Motherhood on trial

By Jessica Williams

By Salon Staff
July 14, 2000 11:25PM (UTC)
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I was outraged when I read this column -- not because I disagree with it but because I too have been subjected to the extreme injustice perpetuated in the name of child welfare. CPS investigates every complaint, without consideration of the legitimacy or credibility of the person complaining. If you have a disagreement with a relative about the way you raise your child, you are at risk. Once you have been referred, that blight is on public record until your child is 18 years old. CPS does not have anything resembling due process. Once the judgment has been made, it is extremely unlikely that an appeal will successfully overturn the judgment. And if you have one judgment on record, and are unlucky enough to have some other ignorant person report you, then God help you. I was lucky: All that happened to me was I had to take a parenting class (in which I had more to contribute on positive discipline than the couple teaching the class!). I hope that your other readers never have to go through this traumatic experience.

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-- Megan Wiseman

What Jessica Williams needed, far more desperately than a therapist or references from the La Leche League, was a lawyer. I kept waiting for one to appear in her story, and I was appalled when it never happened. She had a conventional family life and another perfectly healthy child, and her son was under the watchful care of not only a local pediatrician but also a presumably distinguished specialist. Case closed.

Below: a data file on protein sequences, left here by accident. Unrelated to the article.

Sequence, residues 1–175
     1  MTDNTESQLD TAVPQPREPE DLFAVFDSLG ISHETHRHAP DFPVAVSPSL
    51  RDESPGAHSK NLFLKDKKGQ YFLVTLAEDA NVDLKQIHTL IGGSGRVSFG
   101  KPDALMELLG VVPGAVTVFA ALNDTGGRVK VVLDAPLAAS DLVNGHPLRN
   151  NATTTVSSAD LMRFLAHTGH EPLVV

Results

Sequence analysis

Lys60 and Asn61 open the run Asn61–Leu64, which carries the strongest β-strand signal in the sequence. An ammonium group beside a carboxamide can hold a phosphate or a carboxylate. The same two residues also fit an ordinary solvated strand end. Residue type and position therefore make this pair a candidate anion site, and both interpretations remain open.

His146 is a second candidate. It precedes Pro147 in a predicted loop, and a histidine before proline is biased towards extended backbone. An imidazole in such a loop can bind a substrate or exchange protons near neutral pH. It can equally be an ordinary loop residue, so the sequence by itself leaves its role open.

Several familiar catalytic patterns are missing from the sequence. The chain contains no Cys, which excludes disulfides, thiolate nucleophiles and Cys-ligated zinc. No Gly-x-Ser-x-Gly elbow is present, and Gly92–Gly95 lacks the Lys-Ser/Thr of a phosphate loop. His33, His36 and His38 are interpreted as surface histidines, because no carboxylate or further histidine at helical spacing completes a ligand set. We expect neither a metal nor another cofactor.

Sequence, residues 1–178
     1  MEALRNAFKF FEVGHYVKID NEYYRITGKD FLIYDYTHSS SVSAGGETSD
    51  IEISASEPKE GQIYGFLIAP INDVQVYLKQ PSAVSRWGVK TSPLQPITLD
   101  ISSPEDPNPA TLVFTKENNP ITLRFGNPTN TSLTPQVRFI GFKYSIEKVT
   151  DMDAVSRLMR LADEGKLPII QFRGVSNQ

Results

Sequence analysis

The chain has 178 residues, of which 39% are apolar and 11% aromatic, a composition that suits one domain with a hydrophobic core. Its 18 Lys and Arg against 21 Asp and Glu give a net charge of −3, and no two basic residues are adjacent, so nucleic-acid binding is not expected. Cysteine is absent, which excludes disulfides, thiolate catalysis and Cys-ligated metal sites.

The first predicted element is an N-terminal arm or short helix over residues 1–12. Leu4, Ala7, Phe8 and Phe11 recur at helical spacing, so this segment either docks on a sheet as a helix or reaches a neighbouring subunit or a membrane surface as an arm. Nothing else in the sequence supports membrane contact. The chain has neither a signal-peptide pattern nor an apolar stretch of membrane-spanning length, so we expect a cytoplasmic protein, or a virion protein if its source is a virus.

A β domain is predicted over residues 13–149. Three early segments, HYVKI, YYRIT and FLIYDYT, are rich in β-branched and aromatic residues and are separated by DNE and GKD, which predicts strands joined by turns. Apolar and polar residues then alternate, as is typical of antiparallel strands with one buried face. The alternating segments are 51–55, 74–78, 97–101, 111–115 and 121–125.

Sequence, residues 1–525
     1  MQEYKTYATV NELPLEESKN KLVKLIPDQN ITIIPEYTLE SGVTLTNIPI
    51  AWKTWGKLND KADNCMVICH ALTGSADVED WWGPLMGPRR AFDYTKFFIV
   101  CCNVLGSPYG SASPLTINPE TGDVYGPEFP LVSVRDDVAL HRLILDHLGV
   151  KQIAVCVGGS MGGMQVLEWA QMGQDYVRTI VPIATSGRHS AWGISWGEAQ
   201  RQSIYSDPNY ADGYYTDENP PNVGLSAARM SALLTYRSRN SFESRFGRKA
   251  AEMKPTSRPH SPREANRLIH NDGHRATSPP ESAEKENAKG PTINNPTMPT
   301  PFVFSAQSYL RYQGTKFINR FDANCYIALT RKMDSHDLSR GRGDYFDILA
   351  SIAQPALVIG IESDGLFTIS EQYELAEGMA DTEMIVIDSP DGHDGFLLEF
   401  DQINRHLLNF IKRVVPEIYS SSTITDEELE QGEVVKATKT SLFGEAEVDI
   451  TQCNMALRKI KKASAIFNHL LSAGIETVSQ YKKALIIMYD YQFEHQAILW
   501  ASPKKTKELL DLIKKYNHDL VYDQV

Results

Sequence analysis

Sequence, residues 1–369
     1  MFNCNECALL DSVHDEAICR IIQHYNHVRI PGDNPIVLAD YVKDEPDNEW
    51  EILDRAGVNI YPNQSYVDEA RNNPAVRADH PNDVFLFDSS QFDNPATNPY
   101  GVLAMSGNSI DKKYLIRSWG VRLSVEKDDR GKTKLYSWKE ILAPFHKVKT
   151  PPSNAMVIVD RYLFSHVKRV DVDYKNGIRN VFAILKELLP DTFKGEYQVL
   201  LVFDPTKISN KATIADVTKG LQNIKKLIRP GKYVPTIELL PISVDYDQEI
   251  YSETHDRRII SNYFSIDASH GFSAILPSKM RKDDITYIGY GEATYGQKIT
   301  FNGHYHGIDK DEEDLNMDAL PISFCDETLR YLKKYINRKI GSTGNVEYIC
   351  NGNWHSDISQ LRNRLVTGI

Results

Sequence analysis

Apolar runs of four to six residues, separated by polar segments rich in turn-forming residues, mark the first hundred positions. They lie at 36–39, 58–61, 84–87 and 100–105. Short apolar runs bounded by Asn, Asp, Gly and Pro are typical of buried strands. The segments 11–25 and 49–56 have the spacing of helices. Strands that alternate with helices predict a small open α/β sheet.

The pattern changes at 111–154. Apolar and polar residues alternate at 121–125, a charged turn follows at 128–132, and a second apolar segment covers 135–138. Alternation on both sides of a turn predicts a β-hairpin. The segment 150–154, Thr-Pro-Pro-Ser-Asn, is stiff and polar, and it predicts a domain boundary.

Perhaps Williams and her husband believe that only the guilty need lawyers, or, more likely, they feared that this is what Child Protective Services caseworkers would think. Where do intelligent people get these ideas, "NYPD Blue"?

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-- Scott A. Moorman

While I am very sorry that Williams' experience was so traumatic -- and I certainly do not deny that it was -- I wish to speak up for the principle that there must be some scrutiny of parents by the state.

My wife was an attorney in the United States for child welfare, a prosecutor if you will, who represented the state services for abused and neglected children. The things that she saw in her practice were unspeakable crimes that parents visited on their own children, so appalling that you would not believe them in fiction (e.g., genital mutilation in fits of rage, homosexual incest rape and the like). And yet every week, some newspaper story would decry her office as overzealous with some banal story about yuppies who were "abusively questioned by the state" because they left their child in the car while dropping off a video. That type of trivialization enraged my wife, and rightfully so.

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Because we cannot imagine what goes on behind the closed doors of some homes, some authority must be able to investigate allegations of abuse. That means it is inevitable that an oppressively heavy hand will fall on some good parents, as was apparently the case here. Unfortunately, I detected no awareness of this in your article.

-- Robert J. Crawford

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The problem Jessica Williams encountered has less to do with CPS than with her nosy aunt, who is an extreme manifestation of the type that think they know everything about how other people should raise their children. If Williams, or someone whose situation appeared similar on the surface, were neglecting her child we would of course want CPS to look into it and follow up and (her understandably anxious reaction aside) it sounds like they did so both thoroughly and as kindly as possible.

I remember being told by my own mother once that someone had mistakenly called CPS about me; I no longer remember why, but I do remember my mother saying that she wasn't offended because she preferred that CPS would investigate and find nothing wrong rather than do nothing and possibly miss something important.

-- Tedra Osell


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